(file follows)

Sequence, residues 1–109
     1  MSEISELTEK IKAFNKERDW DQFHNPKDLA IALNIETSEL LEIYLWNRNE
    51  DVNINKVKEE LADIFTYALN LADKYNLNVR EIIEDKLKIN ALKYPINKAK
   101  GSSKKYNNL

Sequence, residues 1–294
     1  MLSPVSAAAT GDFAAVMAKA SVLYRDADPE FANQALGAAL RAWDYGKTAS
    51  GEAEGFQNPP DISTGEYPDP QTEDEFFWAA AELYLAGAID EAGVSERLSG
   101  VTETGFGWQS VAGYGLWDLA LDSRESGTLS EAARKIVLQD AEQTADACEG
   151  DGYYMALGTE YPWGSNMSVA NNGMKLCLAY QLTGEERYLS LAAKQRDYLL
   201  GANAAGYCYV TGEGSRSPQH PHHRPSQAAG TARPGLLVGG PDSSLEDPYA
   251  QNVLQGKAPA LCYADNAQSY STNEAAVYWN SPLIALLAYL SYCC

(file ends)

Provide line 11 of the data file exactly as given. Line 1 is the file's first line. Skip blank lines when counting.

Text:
   251  QNVLQGKAPA LCYADNAQSY STNEAAVYWN SPLIALLAYL SYCC